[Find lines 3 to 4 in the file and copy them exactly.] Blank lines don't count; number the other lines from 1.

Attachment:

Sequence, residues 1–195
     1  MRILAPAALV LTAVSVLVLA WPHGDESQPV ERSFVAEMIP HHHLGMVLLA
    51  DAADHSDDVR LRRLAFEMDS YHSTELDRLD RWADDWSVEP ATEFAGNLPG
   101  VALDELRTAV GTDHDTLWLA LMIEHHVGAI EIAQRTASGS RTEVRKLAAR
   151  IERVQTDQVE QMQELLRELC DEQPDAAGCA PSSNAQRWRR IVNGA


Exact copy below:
    51  DAADHSDDVR LRRLAFEMDS YHSTELDRLD RWADDWSVEP ATEFAGNLPG
   101  VALDELRTAV GTDHDTLWLA LMIEHHVGAI EIAQRTASGS RTEVRKLAAR